The Cannery


left overviewInspired by fisherman and author Jon Upton, I want to tell you about the cannery we visited near Port Edwards, British Columbia, just south of the Alaska border.  But first I’ll let Upton set the scene.   His poetic, informative Alaska Blues is the finest overview of what it’s like along this coast.   In a chapter entitled the “Ruins”, he writes:

 When we’re running past bay after empty bay, the country here seems lonely and desolate.  But if we go ashore and poke around in the underbrush, we learn a different story.  I’ve been in hardly a bay that didn’t show some signs of previously settlers if I looked around long enough.  And for the most part, the stories of these places seems to  be the same:  of fishermen and prospectors, of trappers and miners, all trying to make a go of it in an inhospitable land, and almost all failing. 


 In the last century, and the first part of this one, prospectors combed the region, looking for gold and minerals, even for good marble deposits.  When the finds were promising and the price right, they dug a mine or opened a pit.  Some mines were small, just a shaft and a shack, and others were whole towns in themselves, with docks and railroads, stores and schools, spread out out the shores and hills of an entire bay.  But few lasted more than 10 or 20 years, and most less. The deposits were thin, the market collapsed, or the prospector’s luck ran out.  When it did, the towns died.  There was nothing to keep the men, and greener pastures beckoned….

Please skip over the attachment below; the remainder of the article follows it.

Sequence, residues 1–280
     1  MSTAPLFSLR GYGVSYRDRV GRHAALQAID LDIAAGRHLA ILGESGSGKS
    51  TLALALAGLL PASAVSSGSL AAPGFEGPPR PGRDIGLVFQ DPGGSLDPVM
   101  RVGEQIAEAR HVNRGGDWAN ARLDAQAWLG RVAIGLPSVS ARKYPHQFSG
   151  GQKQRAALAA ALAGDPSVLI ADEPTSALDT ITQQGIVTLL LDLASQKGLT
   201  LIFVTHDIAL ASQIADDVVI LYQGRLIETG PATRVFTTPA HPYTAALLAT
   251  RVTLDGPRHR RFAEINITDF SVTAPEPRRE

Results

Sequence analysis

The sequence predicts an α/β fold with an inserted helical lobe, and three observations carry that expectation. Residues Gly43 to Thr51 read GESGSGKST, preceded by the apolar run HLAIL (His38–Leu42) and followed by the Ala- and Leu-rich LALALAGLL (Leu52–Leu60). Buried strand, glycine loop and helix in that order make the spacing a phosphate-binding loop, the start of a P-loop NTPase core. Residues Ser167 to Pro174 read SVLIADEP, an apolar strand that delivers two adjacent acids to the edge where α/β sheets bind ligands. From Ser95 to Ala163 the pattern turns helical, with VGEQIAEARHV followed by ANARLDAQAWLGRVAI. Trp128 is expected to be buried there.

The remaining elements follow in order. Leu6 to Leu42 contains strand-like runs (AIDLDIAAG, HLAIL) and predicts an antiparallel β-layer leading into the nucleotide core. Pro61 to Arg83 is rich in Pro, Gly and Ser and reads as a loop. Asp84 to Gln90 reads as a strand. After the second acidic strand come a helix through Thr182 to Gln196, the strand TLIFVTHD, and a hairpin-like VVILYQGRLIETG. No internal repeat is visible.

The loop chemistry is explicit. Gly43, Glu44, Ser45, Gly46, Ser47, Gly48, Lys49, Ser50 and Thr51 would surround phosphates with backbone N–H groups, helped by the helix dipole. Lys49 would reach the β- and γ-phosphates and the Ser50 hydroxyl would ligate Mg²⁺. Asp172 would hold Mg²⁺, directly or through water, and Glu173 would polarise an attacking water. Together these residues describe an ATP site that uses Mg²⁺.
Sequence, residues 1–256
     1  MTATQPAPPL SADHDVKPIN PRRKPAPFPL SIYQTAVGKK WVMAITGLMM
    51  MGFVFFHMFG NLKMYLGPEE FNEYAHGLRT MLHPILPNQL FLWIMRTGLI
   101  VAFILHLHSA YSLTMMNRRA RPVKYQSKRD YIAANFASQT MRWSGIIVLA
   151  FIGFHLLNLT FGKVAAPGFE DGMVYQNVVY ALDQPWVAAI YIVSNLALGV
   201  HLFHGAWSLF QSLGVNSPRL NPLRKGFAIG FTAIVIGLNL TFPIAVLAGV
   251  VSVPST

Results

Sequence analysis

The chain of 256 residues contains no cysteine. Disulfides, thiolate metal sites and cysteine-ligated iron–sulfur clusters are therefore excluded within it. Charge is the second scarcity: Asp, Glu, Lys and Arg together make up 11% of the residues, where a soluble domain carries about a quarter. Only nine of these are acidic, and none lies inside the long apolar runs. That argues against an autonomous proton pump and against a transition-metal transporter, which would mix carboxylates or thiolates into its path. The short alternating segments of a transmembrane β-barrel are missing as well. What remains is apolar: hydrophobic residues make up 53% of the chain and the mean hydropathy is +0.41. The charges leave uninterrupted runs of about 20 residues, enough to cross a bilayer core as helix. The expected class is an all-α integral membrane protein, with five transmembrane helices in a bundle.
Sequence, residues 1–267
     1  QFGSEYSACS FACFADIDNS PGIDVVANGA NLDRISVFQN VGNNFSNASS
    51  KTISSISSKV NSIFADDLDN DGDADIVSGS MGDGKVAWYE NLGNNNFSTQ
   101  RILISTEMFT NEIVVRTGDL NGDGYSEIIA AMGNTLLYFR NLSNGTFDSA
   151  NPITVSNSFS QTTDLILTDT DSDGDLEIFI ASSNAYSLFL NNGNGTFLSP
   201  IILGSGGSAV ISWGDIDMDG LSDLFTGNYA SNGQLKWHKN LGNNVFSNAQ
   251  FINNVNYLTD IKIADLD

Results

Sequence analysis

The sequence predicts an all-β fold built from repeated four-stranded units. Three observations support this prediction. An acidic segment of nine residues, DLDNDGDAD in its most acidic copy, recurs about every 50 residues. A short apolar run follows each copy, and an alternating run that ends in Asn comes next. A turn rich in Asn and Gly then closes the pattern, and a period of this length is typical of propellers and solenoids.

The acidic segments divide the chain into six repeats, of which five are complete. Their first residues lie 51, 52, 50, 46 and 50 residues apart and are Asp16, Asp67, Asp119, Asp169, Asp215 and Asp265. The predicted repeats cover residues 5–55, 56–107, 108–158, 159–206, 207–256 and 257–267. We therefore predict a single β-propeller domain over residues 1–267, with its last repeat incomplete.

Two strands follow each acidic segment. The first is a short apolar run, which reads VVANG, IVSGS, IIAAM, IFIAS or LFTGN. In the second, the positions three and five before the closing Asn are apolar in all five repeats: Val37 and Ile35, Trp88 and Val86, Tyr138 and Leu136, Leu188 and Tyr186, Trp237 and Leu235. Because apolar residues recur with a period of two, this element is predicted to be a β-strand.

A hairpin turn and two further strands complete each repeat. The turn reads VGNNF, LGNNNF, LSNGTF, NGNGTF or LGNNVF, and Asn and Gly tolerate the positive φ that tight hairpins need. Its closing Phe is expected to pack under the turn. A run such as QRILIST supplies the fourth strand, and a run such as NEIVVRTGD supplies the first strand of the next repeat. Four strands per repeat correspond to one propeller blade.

The mink and fox farms went pretty much the same way… If you didn’t mind the isolation, a man with a family could have a pretty good life. But then the prices fell, the government said it was illegal to catch the fish for feed, and pretty soon the farms were all abandoned, the families moving on to something else…

frontMost of the larger ruins are not farms but fish plants of one sort or another: salteries, canneries, whaling stations and herring plants.  To travel through the bays is to go back through the history of the fisheries in the region.  All boomed for a while, and little settlements dotted the coast.  But the fishermen put no fish back and saved little for the future and pretty soon there was nothing to catch and the plants were abandoned and the forest took over….  Southeastern Alaska is a hard country to make a living in, and the ruins in bay after bay are constant reminders of it.   

The cannery we visited was built in 1889, about the same time as the canneries at Astoria and along the lower Columbia River.   For Canadians North Pacific is “the oldest cannery on the West Coast”; for all intents and purposes that coast includes Oregon, Washington and Alaska.  By adapting to odd niches in the economies of fishing, it managed to functioned until 1980.   Now a valiant band of preservationists is writing its story and fighting to keep the forest and sea from reclaiming the remains of a unique community.

To be continued: